Frederic Ruyant in profile

He trained as an architect, but Frédéric Ruyant doesn’t do buildings, preferring to design pieces for chic clients or display in top French museums.Trish Lorenz tries to keep up with the busy Paris-based polymath

At a time when specialism is increasingly the norm, polymath French designer Frédéric Ruyant is an interesting exception. Uninhibited by the self-imposed boundaries of disciplines, his work spans graphics, product and interiors projects. He has created stamps for French postal service La Poste, furniture for high-end brands such as Ligne Roset, interiors for retailers including Galeries Lafayette, and art commissions for museums and collectors. His client list reads like a who’s who of French brands/ Moët et Chandon, LVMH, Jean Paul Gaultier, Baccarat and Lancôme.

Originally trained as an architect (he claims there was no university specialising in design when he finished school), Ruyant graduated from the École Spéciale d’Architecture in Paris, in 1987. His first commission was to create furniture for a private client and he’s been working in design ever since. ‘I’ve always been focused on objects and the relationship between those objects and space,’ says Ruyant. ‘You have more control in design and there’s a faster turnaround to the projects. With architecture, you’re continually in development, you rarely see an end result.’

Ruyant works and lives in Paris, but is nothing like the stereotype of a smart Parisian designer. Casually attired, crumpled even, he’s self-deprecating and manages to be both passionate about the art of design and seriously laid back. He jokingly calls himself ‘an architect who doesn’t design buildings’.

‘I created one building, a pharmacy for a village in Africa,’ he says. ‘It looks like the kind of house you draw as a seven-year-old, two windows on either side of the door. But I have a mounted picture of it in my office to remind myself that I did create a building once.’

Ruyant, however, has no hesitation in describing himself as an artist. Alongside his varied commercial work, he rigorously devotes half of his time to personal projects which, while design-led, are inspired and created for expressive rather than commercial needs. ‘I always say I’m an artist who has taken design as my way of personal expression,’ he says. ‘I need to spend time on my own work. There’s no real choice; I’m driven to it.’ A number of his pieces have been bought by France’s National Fund for Contemporary Art and can be seen at the Musée des Arts Décoratifs in Paris and in private and public collections around the world. And while his personal work informs and develops his commercial projects, that’s not its primary purpose – nor is it always a straightforward process. ‘It’s easier to design for someone else,’ says Ruyant. ‘It’s always much easier to create when it’s not in the image of yourself. It’s a question of managing and getting rid of your ego, which is difficult because design is very much involved with self-image.’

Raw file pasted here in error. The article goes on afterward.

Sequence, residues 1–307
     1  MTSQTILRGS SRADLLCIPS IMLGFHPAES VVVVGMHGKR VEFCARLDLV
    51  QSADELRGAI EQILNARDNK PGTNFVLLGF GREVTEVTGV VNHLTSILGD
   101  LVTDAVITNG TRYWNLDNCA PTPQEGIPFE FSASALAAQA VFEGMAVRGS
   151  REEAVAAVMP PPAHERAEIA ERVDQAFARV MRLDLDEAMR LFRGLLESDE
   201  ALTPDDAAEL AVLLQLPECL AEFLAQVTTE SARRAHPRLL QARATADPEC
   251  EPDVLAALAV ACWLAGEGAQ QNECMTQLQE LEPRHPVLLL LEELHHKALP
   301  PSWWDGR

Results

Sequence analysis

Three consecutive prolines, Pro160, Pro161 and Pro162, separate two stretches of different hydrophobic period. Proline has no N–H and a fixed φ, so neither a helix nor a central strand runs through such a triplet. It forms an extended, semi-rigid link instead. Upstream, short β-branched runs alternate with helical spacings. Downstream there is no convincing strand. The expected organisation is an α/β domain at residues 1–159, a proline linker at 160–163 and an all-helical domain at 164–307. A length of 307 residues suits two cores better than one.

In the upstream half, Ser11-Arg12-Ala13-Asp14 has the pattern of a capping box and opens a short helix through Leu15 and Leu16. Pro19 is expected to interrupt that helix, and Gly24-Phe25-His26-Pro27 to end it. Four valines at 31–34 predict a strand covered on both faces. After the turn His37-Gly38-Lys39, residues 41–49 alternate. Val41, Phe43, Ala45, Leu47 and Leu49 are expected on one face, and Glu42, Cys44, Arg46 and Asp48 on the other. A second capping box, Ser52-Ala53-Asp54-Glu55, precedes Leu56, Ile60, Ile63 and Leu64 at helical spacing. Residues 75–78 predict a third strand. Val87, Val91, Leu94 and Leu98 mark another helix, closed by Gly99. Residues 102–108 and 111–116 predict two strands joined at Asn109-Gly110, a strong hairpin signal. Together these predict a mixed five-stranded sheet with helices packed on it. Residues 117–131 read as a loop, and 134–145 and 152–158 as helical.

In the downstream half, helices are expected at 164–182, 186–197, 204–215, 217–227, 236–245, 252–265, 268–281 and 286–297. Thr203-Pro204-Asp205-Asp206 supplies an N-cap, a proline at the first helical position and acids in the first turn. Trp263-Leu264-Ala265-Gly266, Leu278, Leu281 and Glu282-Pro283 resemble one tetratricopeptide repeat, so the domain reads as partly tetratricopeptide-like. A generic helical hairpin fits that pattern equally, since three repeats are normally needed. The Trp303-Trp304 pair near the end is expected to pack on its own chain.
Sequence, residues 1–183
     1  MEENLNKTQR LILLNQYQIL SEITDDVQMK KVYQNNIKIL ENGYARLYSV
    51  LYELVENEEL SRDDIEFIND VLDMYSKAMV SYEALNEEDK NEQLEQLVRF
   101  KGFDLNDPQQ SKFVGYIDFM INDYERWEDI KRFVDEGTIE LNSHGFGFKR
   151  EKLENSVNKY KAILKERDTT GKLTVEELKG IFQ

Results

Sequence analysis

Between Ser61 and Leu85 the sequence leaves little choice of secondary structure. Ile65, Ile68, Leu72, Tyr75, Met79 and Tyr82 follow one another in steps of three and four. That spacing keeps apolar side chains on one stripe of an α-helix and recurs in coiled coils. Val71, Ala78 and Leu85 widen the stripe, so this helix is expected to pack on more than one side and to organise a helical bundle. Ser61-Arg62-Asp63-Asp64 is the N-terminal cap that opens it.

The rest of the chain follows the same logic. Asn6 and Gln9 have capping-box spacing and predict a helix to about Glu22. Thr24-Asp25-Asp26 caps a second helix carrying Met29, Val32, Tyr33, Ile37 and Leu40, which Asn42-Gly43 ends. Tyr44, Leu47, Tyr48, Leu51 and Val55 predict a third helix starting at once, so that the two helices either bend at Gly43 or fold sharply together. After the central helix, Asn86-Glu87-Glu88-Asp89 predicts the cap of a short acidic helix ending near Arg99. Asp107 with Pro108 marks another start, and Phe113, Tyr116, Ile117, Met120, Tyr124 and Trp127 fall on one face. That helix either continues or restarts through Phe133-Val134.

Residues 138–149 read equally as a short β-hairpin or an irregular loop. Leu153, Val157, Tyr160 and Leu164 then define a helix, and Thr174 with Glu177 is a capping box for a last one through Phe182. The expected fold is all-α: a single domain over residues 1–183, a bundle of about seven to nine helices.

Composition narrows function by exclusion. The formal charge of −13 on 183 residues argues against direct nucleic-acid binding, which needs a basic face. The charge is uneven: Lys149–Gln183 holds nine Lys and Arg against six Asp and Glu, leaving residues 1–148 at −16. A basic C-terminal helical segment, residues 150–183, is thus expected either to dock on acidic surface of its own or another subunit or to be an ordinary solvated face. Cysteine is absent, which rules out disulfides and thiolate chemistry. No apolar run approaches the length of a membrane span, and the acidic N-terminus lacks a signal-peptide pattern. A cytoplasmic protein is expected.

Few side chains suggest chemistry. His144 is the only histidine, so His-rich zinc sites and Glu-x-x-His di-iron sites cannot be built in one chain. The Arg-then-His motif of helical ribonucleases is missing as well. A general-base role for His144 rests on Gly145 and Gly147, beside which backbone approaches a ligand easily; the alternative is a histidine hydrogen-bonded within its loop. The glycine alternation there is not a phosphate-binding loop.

In both his personal and commercial work, Ruyant says he’s inspired to create objects that that are firmly of the moment while also referencing the past. ‘I think it’s important to acknowledge the time in which we live, the culture of now, but a big part of my inspiration comes from looking at the links and connections between objects and childhood,’ he says. ‘I like to recreate the imaginary world which we live in as children through my furniture. People are attracted to my pieces because they evoke common memories.’

Much of his work has a playful quality, including his latest collection for Ligne Roset (out this September) – a series of coffee tables that fit together in multiple, puzzle-like combinations. Tea Pavilion, a piece in his Wood collection and currently on show at the Ozz Gallery in Paris, is a high single chair designed to seat several people, with a Wendy-house feel, while his Running sofa, for the Peyroulet Gallery in Paris, resembles a comforting hand. Ruyant is also willing to experiment with materials and forms – his perfume bottles for LVMH, for example, look like hi-tech audio systems, subverting the category’s penchant for the feminine.

This year Ruyant is busier than ever. Last month saw the launch of his own-brand limited edition range of Néos vases. He has created interior concepts for French coffee shop chain Coffea, which will roll out across 40 stores nationwide over the course of the year. A rug collection for specialist Toulemonde Bochart launches in September, as does a series of products for French homeware brand Eno, which he describes as ‘ironic, humorous but functional objects for the bathroom and kitchen’. He is currently taking part in a group exhibition at Parisian store Via and a personal project will be on show at the city’s Tools Gallery from January next year. Ruyant claims it will mark another departure. ‘It’s in stark contrast to anything I’ve done before,’ he says. ‘I’m experimenting with new materials and deconstructed abstract forms.’

It’s a career that proves that ideas and talent transcend boundaries, and Ruyant provides inspiration for all designers who have the urge to try something new.

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